Talking Big Changes At SparkFun With Nathan Seidle

SparkFun, you know them, you love them. They list themselves as “an online retail store” but I remember them for well-designed breakout boards, free-day, videos about building electronics, and the Autonomous Vehicle Competition. This week SparkFun turned my head for a different reason with the announcement that [Nathan Siedle], founder and CEO will be stepping down. He’s not leaving, but returning to the Engineering department while someone else takes the reigns. I spoke with him yesterday about what this means for him, the company, and what SparkFun has planned for the future.

Stepping Down Without Saying Goodbye

[Nate] founded Sparkfun in 2003 while still working on his Electrical Engineering degree from the University of Colorado Boulder. He cites wanting to return to his engineering roots as the reason for his title shift, which won’t happen for at least 9 or 10 months. It’s the concept of leaving the CEO position without leaving the company that raises many questions in my mind.

As founder, [Nate] is the Chairman of the Board and will retain the power to hire and fire the CEO. As he put it, that’s quite common with a lot of companies. But I believe that it’s rare for the Chairman to be coming into the office everyday in a different role. The power dynamic between him and his yet-to-be-found replacement isn’t the only sticky wicket here. SparkFun already has a Director of Engineering, [Pete Dokter], who you may know from his According to Pete series. [Nate] prepared the staff far ahead of the public announcement and that included discussion and planning with [Pete] on how the two will work together with the engineering team. Obviously the ideas is to grow the company and that will mean more and more engineering work to be done.

The new CEO will be guide and defender of the company culture. SparkFun isn’t looking for “Nate part two” and whomever is installed at the helm will have the freedom to make changes for the better. If that person can navigate the aforementioned issues, I think actually having [Nate] around for advice from time-to-time will help ensure the creative values and spirit of the company doesn’t wash away.

There it is, a sweet job for the taking. Anyone interested in forming up an application?

CM and EDA

MaKey MaKey

While I had him on a video call I thought I’d see what else is going on with the company. Specifically I’ve been wondering about Contract Manufacturing with SparkFun. There are a few notable pieces of hardware that come to mind in which SparkFun is acting as a CM: the Makey Makey and the Microview. But you should also know that they developed and produce several types of Arduino boards including the Pro, Pro Mini, Fio, and Lilypad which are produced in 1000+ quantities. That’s nothing to sneeze at, so what’s the deal with CM at SparkFun?

Turns out there is a guide for that. The gist is that SparkFun wants to sell your stuff and will act as a distributor, or as the manufacturer and point sales channel. The latter is how the Makey Makey works. The company both manufactures and sells the device which turns anything into a computer keyboard, paying a royalty to the creators [Jay Silver] and [Eric Rosenbaum]. [Nate] admits they haven’t focused on CM very much in the past but are now working to add more capability.

2-years of commits to SparkFun's Eagle libraries
2-years of commits to SparkFun’s Eagle libraries

On the development side of things SparkFun is quite well-known for their Eagle libraries which are both extensive and well-maintained. I was wondering if this gets harder as time goes on, but maintaining and growing it is just part of the work flow. What it does do is lock the company into using CadSoft Eagle for their Electronic Design Automation software. But it’s not inconceivable that this could change.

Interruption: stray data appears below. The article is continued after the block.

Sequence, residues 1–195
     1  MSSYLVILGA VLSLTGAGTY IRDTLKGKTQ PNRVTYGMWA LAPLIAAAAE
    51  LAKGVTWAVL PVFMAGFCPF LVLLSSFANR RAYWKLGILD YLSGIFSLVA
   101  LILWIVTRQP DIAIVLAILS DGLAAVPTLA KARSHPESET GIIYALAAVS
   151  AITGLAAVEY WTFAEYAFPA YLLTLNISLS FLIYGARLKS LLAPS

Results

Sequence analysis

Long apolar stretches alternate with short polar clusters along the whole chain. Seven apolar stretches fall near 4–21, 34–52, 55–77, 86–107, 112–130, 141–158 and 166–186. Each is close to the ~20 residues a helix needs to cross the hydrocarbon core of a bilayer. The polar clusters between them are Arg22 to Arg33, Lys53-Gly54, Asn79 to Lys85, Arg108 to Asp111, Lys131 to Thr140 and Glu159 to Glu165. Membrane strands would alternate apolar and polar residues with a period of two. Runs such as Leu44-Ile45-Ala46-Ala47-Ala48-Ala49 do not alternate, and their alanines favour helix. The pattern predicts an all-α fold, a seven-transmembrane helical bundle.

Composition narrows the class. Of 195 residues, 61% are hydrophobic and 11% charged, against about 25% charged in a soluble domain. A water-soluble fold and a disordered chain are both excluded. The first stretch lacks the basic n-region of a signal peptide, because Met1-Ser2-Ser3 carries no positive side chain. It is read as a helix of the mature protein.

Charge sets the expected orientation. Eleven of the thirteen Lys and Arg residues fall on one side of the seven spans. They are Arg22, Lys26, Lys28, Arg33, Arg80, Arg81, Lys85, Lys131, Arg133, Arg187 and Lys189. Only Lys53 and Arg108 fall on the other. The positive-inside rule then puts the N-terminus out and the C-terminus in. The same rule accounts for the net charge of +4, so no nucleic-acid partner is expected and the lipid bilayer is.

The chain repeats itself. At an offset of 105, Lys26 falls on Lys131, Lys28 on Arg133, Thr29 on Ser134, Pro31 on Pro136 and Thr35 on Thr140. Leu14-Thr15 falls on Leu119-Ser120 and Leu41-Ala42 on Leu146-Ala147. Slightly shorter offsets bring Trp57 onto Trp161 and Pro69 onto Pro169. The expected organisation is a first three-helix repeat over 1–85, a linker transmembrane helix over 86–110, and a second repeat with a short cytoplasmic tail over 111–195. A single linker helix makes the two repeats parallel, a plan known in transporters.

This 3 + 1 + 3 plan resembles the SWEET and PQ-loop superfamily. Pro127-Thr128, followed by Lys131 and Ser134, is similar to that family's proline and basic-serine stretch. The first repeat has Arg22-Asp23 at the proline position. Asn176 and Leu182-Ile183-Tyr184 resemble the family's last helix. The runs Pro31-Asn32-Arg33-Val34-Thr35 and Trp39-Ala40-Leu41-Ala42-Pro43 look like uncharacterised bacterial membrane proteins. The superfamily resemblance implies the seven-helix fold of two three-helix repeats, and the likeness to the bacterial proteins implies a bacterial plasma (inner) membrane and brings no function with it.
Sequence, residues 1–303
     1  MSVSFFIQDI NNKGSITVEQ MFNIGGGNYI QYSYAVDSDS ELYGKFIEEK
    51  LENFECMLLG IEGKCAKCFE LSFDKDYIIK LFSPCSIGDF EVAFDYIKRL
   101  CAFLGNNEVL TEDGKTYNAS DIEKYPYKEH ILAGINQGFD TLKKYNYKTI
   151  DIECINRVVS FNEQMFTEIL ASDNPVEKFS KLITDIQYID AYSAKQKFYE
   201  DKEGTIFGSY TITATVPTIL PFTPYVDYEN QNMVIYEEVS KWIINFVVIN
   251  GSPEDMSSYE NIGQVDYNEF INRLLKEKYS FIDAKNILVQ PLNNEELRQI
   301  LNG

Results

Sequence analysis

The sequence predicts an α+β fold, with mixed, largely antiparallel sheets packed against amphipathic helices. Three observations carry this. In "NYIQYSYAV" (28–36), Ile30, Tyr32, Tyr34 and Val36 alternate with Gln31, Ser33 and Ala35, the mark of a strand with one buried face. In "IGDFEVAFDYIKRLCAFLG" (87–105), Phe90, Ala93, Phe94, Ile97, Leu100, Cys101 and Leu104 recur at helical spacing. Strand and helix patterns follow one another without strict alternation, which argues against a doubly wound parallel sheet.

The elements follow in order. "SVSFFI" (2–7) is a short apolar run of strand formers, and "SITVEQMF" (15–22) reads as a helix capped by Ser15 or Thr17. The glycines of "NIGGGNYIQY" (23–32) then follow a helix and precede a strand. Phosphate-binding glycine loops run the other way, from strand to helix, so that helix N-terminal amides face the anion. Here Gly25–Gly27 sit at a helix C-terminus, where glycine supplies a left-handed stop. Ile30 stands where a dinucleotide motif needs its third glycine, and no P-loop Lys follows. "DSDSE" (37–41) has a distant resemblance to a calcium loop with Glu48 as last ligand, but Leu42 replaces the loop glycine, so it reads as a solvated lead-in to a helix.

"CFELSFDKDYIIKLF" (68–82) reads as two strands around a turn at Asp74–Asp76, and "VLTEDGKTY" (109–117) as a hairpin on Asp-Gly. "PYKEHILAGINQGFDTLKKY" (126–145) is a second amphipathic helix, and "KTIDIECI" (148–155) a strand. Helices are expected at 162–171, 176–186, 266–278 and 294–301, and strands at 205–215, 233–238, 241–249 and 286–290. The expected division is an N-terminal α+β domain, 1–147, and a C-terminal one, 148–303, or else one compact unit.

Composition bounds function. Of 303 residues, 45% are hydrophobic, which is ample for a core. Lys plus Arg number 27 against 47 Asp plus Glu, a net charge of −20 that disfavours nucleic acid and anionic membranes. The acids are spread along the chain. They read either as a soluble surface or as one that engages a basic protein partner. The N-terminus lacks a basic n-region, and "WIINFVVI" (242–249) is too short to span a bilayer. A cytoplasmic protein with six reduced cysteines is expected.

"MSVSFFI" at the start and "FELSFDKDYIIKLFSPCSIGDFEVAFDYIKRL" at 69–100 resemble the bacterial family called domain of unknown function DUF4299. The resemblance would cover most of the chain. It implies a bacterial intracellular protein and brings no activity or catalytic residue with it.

The company actually started using Protel (which later became Altium Designer) until the license fees became prohibitively expensive for the number of seats they needed. This prompted the switch to Eagle which had the benefits of a lower license fee, and the availability of a zero-cost (but size restrained) version available to SparkFun’s customers.

Ironically, Altium has been heavily courting SparkFun to start working with their new EDA offering called CircuitMaker. This new business model for Altium offers free use as long as designs are stored online and published publicly. Saving all your designs privately can be done if you pay for a subscription.

SparkFun plans to give CircuitMaker a try, and will also do so with KiCAD  (the Free and Open Source EDA suite) in a few upcoming projects. The thing we couldn’t agree more with [Nate] about is the need for a rock-solid conversion tool that can translate parts libraries between the three softwares.

31 thoughts on “Talking Big Changes At SparkFun With Nathan Seidle

  1. Anyone smart, clear-sighted, and humble enough to hire his boss is to be applauded. A corner office may be way cool and make your mother proud of you, but if it ain’t your sweet spot, don’t go there.

    1. It is certainly admirable but not very uncommon. Especially as Sparkfun probably see themselves to be almost completely out of the startup phase now and are looking to build better business practices you need a different type of management. Entrepreneurs don’t always make the best CEOs as they often have a very different perspective on how to run a company. This becomes more difficult as a company gets larger and the management requirements change.

      Instead it makes sense for him to move back into an engineering role, especially considering that is his other skills base. It keeps him involved in the daily development of the company using his best skills but with a probably more experience set of management skills at the helm.

  2. This sponsored posting was brought to you by… Sparkfun.

    Dear fellow hackers: With your participation you are empowering a platform that is commercial in nature. Haven’t you learned that this is always a bad thing?